ENDWELL, NY (WSKG) — Members of the Binghamton City Council opted to take the weekend to further consider a proposal allowing the mayor to enter an agreement with a water infrastructure firm to conduct a maintenance audit of the Binghamton-Johnson City Joint Sewage Treatment Plant, which serves several communities in Broome County.
Several council members are concerned about, Veolia, the proposed firm in question, and the specifics of the contract Mayor Rich David would enter into surrounding the audit.
Councilwoman Aviva Friedman moved to postpone the vote saying that council had been promised, but had not been given the draft contract. While her motion was successful, Corporation Counsel to the city, Ken Frank, refuted Friedman’s claim and asserted that the contract was comprised of a professional services agreement and exhibit document provided to her and other council members prior to the meeting.
Councilwoman Angela Riley fired back at Frank, saying she and others wanted to see the specifics and be guaranteed they would not be amended by the mayor prior to coming to an agreement with Veolia.
“What we’re asking for is not a template and not a proposal that can be amended based upon the negotiations of the parties involved,” Riley said. “We would like to see so that we are not ultimately holding the bag when someone comes back without a written report.”
Frank interrupted Riley several times, at one point necessitating Council President Sophia Resciniti to intervene asking the parties not to talk over each other. He maintained that the contract for the audit was being proposed under normal procedures.
“That is what you have received,” Frank said. “We can fill in the name, but the proposal is the exhibit to that contract.”
It is not unusual for municipal bodies to give executives, such as a mayor or county executive, authority to work out the specifics and come to an agreement on contracts.
The delay of the vote came after nearly two hours of public comment from over 20 speakers, all of which were opposed to the contract with Veolia.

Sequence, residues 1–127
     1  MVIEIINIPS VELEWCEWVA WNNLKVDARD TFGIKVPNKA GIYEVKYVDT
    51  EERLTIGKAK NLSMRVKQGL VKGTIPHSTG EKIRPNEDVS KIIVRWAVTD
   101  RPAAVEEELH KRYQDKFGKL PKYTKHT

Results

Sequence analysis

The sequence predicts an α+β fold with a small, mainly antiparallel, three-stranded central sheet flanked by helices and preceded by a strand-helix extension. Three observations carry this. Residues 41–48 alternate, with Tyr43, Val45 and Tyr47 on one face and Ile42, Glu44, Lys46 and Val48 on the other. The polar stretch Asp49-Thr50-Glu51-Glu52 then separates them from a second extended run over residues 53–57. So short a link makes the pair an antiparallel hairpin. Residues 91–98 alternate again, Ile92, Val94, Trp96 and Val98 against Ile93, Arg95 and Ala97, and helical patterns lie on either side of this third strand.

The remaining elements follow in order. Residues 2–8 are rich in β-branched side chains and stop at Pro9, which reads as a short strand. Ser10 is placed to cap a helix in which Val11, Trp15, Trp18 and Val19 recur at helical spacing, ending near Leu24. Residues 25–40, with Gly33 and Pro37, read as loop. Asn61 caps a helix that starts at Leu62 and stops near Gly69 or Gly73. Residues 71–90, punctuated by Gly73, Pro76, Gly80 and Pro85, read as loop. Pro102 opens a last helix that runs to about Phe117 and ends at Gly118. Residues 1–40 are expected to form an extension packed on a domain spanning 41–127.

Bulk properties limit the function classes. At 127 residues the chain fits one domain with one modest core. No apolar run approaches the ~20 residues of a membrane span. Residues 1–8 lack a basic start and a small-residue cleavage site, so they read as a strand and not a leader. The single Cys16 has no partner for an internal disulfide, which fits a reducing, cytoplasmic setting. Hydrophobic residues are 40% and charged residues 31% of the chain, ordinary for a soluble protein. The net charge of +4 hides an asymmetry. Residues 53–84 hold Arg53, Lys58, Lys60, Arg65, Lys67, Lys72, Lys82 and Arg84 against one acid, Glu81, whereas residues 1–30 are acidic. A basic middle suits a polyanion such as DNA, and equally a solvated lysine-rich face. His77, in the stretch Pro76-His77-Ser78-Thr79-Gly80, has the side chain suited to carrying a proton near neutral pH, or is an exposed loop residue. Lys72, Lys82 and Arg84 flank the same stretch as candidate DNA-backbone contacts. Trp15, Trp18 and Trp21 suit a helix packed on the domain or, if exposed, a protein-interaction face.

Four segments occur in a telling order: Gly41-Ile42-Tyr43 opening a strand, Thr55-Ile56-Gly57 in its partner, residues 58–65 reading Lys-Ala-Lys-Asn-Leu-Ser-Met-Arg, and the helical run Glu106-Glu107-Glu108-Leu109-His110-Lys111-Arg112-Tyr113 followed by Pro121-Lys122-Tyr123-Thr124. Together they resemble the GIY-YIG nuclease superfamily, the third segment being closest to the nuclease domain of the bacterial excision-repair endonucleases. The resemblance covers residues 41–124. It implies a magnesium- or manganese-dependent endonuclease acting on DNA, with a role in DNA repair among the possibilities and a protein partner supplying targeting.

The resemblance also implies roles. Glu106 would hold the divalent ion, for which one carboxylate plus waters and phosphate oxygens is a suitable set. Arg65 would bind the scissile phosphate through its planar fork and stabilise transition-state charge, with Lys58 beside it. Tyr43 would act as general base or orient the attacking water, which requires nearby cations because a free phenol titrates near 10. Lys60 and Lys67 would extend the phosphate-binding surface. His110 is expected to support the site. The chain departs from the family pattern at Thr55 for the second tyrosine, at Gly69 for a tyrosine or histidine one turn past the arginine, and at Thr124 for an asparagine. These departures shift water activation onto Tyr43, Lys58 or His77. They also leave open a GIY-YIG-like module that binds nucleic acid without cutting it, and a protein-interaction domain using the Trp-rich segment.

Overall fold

Many of them cited concerns about the company’s involvement in Flint, Michigan’s water system. Veolia was sued by the state’s attorney general for negligence and fraud, though large components of that lawsuit were thrown out.
Nayyirah Shariff, director of a non-profit working to alleviate the effects of Flint’s water crisis, participated in public comment warning the council about the effects of lead poisoning she has seen in her community.
“We wanted to make sure that folks, our comrades, the people that we love in the United States do not have to experience this,” Shariff said. “I would really urge you to not even consider Veolia in this contract.”
Four current workers at the treatment plant also addressed the council as well. They defended the staff’s ability to manage its maintenance plan and largely shunned Veolia’s existing equipment at the plant. Several of them raised suspicions that the audit would lead to a renewed effort to privatize the plant, which had been suggested two years ago.
“These are brand new things that are breaking already, and that is from Veolia,” Gary Edwards, one of the plant workers said. “So, hmm, coverup, conflict of interest. I mean just throw any word out there you’d like.”
Veolia was one of the firms that made a proposal to manage the facility in 2019.
Two council members, Tom Scanlon and Phillip Strawn, both said they tend to believe Veolia’s proposal for privatizing the plant are separate from their potential involvement in the maintenance audit.
“As far as I’m concerned this is a standalone issue,” Strawn said. “Whether Veolia is the right course or not, that’s the standing issue I guess for this one. But as far as privatization, I view it as a complete standalone separate, completely separate thing.”
The council plans to reconvene Monday, April 12 at 6 p.m. to resume consideration of agreement.